Well, some food brands would tell you yes. And in a sense of the word, they are telling the truth.
There certainly are diabetic-friendly candy options that you can indulge in from time-to-time.
But the question still remains, how healthy is this ‘diabetic candy'? And what are the best options to choose if you want to indulge in the sweet stuff?
That's what we're here to explore now.
The Truth About Candy We All Know
We all know that indulging in a lot of candy and sweets isn’t healthy. Even most children know that candy isn’t good for you, although they may not understand the biochemistry behind why that is true.
If you asked a person next to you why candy isn’t a health food, they’d probably respond, “because of all that sugar!” – and they would be right!
But what is it about sugar that is so bad for our health?
Not only does candy cause unstable blood sugar levels but it can also have an inflammatory effect in your body, especially if you have diabetes. As a result of these effects, the consumption of sugar has been linked to obesity, diabetes, cancer, dementia, faster ageing, and much more – mainly because we eat too much of the stuff!!
Now, let’s be clear that when we’re talking about the sugar in candy we’re referring to simple carbohydrates, not complex carbohydrates.
What’s the difference?
Simple carbs like white rice, white bread, or plain old sugar break down into glucose extremely quickly, which can result in severe blood sugar spikes, inflammation and oxidative stress (aka free radicals).
Complex carbs like whole grains, fruits, and vegetables contain fiber or starch that slows down the breakdown and absorption of glucose in the body. This is why complex carbs are a lot healthier than simple carbs, especially veggies because they are lower in carbs.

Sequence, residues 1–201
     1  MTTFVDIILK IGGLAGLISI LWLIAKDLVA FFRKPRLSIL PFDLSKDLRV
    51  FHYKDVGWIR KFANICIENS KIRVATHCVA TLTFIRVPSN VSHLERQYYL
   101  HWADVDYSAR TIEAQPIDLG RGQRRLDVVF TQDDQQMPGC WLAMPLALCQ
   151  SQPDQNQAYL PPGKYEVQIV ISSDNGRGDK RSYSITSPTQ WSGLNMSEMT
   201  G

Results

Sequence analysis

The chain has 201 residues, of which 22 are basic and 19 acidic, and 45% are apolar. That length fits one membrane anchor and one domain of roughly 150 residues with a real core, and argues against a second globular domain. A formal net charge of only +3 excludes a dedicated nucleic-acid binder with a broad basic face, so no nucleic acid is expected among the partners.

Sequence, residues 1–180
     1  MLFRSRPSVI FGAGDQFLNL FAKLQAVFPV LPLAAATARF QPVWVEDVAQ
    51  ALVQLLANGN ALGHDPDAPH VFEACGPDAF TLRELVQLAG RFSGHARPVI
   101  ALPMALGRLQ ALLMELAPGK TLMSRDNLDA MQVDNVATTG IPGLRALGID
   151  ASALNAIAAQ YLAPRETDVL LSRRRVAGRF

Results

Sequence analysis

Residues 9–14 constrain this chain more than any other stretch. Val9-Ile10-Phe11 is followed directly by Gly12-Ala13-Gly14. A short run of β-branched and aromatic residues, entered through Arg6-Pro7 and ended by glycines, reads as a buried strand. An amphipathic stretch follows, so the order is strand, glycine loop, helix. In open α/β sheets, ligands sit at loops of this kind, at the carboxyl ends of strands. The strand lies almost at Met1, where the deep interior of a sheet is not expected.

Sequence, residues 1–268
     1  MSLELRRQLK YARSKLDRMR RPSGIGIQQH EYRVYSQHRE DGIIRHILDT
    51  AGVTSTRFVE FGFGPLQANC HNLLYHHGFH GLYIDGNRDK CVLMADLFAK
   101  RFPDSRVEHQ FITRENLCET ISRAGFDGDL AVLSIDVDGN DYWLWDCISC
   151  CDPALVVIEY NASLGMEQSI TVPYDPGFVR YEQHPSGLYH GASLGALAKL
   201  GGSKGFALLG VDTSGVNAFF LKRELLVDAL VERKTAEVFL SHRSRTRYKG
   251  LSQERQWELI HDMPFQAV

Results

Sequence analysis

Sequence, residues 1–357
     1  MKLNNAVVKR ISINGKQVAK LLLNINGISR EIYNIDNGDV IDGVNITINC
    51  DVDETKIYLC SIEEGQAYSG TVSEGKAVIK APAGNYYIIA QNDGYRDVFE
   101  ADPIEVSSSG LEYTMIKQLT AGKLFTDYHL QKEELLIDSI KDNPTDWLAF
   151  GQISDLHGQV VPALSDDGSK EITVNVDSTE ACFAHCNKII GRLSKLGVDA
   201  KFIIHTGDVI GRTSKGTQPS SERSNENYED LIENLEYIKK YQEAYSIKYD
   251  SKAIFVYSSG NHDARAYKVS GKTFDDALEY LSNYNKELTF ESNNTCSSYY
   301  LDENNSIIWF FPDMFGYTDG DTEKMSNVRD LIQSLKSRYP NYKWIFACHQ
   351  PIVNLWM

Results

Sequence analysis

The kind of carbs in candy are simple sugars. Eating these kinds of sugars translates into elevated blood glucose levels and, eventually, higher A1c levels.
And although many people with diabetes know instinctively that they shouldn’t be eating too many sweets, most people don’t realize just how much sugar can be packed into a single serving of candy.
So let's take a closer look at that now.
How Much Sugar Does Candy Contain?
Let’s start by saying that, as a person with type 2 diabetes, 50 to 80 grams of total carbohydrates per day is a great carb goal to aim for.
This amount of carbs is already way lower than what an average person eating a Western diet consumes in a day, so this recommendation doesn’t leave much room for sweets and ‘added' sugars.
And that's where candy can really get you into trouble…
Here is a table that breaks down the fat, protein, and carb (sugar) content of a few popular candy options:
As you can see, one serving of any of these candies would take up more than half of your daily carb allotment if you were abiding by the 50 to 80 gram recommendation.
And the problem with simple sugars like candy is that they don’t provide any real nutrition.
Complex carbs like vegetables contain vitamins, minerals, and fiber, while candy just provides sugar and a few hundred extra calories.
Not to mention that a 50 gram serving of candy is only about a quarter cup of M&M’s. That’s not a lot, and it takes a lot of self-restraint to restrict your serving size to less than a handful when you’re enjoying sugary snacks.
Sugar can have an “addictive” quality and it affects your hormones and brain chemistry in a way that always leaves you wanting more.
Because of these affects, it’s actually easier to just skip the candy altogether rather than trying to indulge in just one or two pieces before stopping.
As if that weren’t enough reasons to set the candy bowl aside, there is another downside to junk foods like candy.
Whether we’re talking M&M’s, Snickers, or a Hershey’s chocolate bar, all forms of candy are processed foods.
Mainstream sweets usually contain highly processed ingredients like modified starches, corn syrups, hydrogenated oils, waxes, artificial flavors, and artificial dyes—none of which are natural ingredients that your body can easily recognize and process.
For all the reasons we just mentioned, it’s best to pass on the traditional sweets.
But don’t hang your head just yet, because there are plenty of low-carb candy options that diabetics can enjoy alongside their family and friends!
Can a Diabetic Eat Sugar-Free Candy?